Right now, the winds seem to be blowing far more people into doors of tattoo artists' shops.

Increase your money and finance knowledge from home

Getting out of debt

Everyone hates debt. Get out of it.

View Course »

Banking Services 101

Understand your bank's services, and how to get the most from them

View Course »

Add a Comment

*0 / 3000 Character Maximum

87 Comments

Filter by:
Keith Miller

I'm a professional tattoo artist in the Boston area. I started learning how to tattoo in my late 20's. I spent 10 years in the Army prior to that and also did a tour in Baghdad. Tattooing had provided for my family and I make countless people happy on a day to day basis. I am college educated. My 7 year daughter loves art and is proud of her daddy. My whole crew loves to come to the shop and see what new art I'm working on . I've never been happier in my life. I am glad I served this country to protect the freedom of speech so the nay Sayers can bash my passion and profession. Good day.

March 13 2013 at 4:05 PM Report abuse rate up rate down Reply
itsonlyreality

30 years ago if parents had forced their kids to endure the mutilation of getting something like a body piercing or a tatoo, child protection services probably would have been called. Today, young people CHOOSE to spend a ridiculous amount of money to have it done. Go figure!

October 13 2010 at 2:29 PM Report abuse +1 rate up rate down Reply
ilskaggs

Don't you know the ones in this "business" are laughing at you and/are ignorant people willing to do the devil's bidding to get as many as they can to have people do this sort of thing to their bodies which God created?

October 13 2010 at 2:12 PM Report abuse rate up rate down Reply
1 reply to ilskaggs's comment
Cro-Mag

Harming God's Temple!??? All we're doing is painting the walls.

October 13 2010 at 2:30 PM Report abuse rate up rate down Reply
arlissholmes

Let'see. The 66 million idiots who voted for Obama would make good candidates for tattooing. They probably would enjoy getting their skin carved up by some degenerate4 high school dropout.

October 13 2010 at 1:16 PM Report abuse -2 rate up rate down Reply
1 reply to arlissholmes's comment
drf14616

I was wondering how long it would take before some "whacko" would respond with an anti-Obama political comment.

October 13 2010 at 2:16 PM Report abuse +3 rate up rate down Reply
bstogieone

Since the term tramp stamp came around, I'm glad to see less of those stupid lower back tatoos on woman. Small little ankle tats are ok, but anything more on a woman is just plain trashy for me. For a guy is different, and a well designed arm tat can look cool. But some people think they need to look like a comic book.

October 13 2010 at 1:04 PM Report abuse +2 rate up rate down Reply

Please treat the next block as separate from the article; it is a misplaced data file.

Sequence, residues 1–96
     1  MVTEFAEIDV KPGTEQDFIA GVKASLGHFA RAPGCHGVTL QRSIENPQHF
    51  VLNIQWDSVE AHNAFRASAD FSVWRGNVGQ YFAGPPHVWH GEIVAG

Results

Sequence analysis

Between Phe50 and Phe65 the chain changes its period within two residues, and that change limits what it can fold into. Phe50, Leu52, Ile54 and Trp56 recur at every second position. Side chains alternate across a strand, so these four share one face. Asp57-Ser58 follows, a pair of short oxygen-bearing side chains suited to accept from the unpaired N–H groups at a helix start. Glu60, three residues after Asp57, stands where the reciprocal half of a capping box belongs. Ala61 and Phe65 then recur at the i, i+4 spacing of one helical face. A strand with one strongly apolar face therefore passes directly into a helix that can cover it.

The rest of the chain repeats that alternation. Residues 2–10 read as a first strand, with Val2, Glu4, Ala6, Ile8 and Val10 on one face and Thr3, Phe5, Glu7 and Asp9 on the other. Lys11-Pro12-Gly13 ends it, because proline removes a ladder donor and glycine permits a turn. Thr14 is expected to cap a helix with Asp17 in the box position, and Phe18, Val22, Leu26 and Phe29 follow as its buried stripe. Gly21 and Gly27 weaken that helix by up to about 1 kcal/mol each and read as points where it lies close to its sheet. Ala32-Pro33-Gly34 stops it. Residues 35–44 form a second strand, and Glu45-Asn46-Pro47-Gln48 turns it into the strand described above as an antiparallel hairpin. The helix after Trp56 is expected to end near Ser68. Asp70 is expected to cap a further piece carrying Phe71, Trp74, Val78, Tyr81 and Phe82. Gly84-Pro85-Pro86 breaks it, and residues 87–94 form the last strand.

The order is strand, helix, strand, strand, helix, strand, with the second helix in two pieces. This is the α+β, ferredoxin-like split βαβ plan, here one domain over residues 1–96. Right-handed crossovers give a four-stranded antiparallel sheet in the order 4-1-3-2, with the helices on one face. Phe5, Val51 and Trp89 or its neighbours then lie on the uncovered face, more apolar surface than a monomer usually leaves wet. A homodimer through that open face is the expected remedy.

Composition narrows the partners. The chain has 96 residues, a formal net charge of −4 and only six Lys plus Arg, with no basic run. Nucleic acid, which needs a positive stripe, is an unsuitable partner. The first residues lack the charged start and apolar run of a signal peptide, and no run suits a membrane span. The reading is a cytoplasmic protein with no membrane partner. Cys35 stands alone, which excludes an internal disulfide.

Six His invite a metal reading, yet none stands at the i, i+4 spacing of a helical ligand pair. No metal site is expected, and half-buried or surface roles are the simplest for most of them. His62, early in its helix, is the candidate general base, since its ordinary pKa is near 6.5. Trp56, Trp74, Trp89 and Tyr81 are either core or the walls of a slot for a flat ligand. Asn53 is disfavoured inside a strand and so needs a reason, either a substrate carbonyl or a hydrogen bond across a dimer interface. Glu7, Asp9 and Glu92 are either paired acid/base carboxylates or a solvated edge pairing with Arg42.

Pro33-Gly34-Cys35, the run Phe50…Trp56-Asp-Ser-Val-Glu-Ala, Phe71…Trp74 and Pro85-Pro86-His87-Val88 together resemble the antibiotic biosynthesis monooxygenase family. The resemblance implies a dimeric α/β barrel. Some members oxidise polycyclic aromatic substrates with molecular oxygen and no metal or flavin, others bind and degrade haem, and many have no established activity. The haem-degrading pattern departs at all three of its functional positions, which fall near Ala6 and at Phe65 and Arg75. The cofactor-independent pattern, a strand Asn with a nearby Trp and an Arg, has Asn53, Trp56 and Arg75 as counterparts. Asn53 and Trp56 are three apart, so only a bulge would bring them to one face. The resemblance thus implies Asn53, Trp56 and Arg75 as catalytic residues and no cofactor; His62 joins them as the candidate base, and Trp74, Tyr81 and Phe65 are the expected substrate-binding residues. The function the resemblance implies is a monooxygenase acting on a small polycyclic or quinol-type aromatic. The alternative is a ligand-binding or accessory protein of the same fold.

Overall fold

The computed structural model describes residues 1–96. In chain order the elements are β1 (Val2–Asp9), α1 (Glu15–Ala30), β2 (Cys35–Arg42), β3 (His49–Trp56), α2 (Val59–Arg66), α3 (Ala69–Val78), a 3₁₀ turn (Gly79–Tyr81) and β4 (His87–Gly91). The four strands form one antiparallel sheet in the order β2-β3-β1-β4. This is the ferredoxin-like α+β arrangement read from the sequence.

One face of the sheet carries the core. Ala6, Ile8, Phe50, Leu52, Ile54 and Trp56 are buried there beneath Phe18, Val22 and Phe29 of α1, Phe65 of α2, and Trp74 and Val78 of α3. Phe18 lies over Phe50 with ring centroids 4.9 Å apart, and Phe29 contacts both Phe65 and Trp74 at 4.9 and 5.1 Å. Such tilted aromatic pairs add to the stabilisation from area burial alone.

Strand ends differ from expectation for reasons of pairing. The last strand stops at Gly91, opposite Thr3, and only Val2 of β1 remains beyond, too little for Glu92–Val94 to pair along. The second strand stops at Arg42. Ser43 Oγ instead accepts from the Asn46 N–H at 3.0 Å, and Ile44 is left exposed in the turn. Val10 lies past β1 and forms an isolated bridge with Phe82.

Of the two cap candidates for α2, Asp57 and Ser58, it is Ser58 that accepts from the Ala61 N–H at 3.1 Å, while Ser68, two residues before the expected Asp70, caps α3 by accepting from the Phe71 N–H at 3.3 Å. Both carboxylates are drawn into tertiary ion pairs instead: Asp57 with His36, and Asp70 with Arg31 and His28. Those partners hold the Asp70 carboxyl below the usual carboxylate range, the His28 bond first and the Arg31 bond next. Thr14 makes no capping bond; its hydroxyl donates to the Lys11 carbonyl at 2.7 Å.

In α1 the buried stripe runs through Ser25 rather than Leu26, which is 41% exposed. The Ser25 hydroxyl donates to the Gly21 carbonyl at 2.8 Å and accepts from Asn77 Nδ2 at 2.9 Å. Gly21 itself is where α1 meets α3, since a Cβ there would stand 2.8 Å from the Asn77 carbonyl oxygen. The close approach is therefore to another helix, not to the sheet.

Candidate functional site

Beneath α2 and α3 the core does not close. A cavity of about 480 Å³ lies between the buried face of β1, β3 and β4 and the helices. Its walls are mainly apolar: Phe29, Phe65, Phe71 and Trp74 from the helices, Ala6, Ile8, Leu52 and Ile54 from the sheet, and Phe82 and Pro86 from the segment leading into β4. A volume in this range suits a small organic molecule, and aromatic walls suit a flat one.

2 replies to bstogieone's comment
liveinspired726

That is one of the biggest double-standards I've ever heard. Why should a tattoo be trashy on a woman but "cool" on a man? Tattoos are an art form, and tell stories of people's lives. It's unfortunate that many people choose to get one in order to be trendy or as a rite of passage, but talk to people whose tattoos actually mean something, and they'll tell you they don't regret them. I have 4, and don't regret mine at all. They help tell my personal story and I'm proud of where I've been.

October 13 2010 at 2:02 PM Report abuse -1 rate up rate down Reply
Mike Harms

I like that i look like a comic book. It gives me personality and character. I burned the business suit that i never bought and picked up a tattoo machine instead. But then again i served my country as a Marine so i could be able to make that decision..tattoos forever. yes even tramp stamps.

March 12 2014 at 11:08 PM Report abuse rate up rate down Reply
Cro-Mag

As long as there are people willing to pay good money at "Joe's Garage Tattoo" (for minimum talented artists), there will always be a high demand for crappy work. It's like the old adage "Free advice is what it's worth".

October 13 2010 at 1:03 PM Report abuse +2 rate up rate down Reply
xxswirlypops

Anyone who still looks down on tattoos is obviously stuck in an era long past! I can't count the number of preppy yuppies who have tattoos now. Something like being obese is far more disgusting than having tattoos. This article doesn't surprise me, though, people always want to treat themselves to things, especially in trying times.

October 13 2010 at 12:51 PM Report abuse -2 rate up rate down Reply
WT

Tatoos are for drunken sailors on shore leave and skanky biker chicks. No one with any class would get a tatto.

October 13 2010 at 12:34 PM Report abuse +2 rate up rate down Reply
3 replies to WT's comment
paul

Tatoos are for drunk sailors, ******, scumbags and mental defectives. Anyone who's self esteem is so low that they need to have themselves graffitied like an abandoned ghetto building is just plain RETARDED!

October 13 2010 at 12:28 PM Report abuse +2 rate up rate down Reply
1 reply to paul's comment
Cro-Mag

Being judgemental is retarded. Douche!

October 13 2010 at 1:06 PM Report abuse +2 rate up rate down Reply
bloyacano

I like a well designed and placed tatoo. If the person puts some real thinking into it and it is artfully done it can be very atractive and even exciting. Just like many things, to much is just to much. What I don't understand is when a young person feels the need to stick holes and pins in their face and body. They don't look like art and do not look atractive in any way. They just look like someone who has no respeck for themselves. Tatoo's, yes, with some thinking. Nails in the face, NO, even with some thinking just don't do it. It is not and never will be cool, except to other's who don't respect themselves.

October 13 2010 at 12:17 PM Report abuse rate up rate down Reply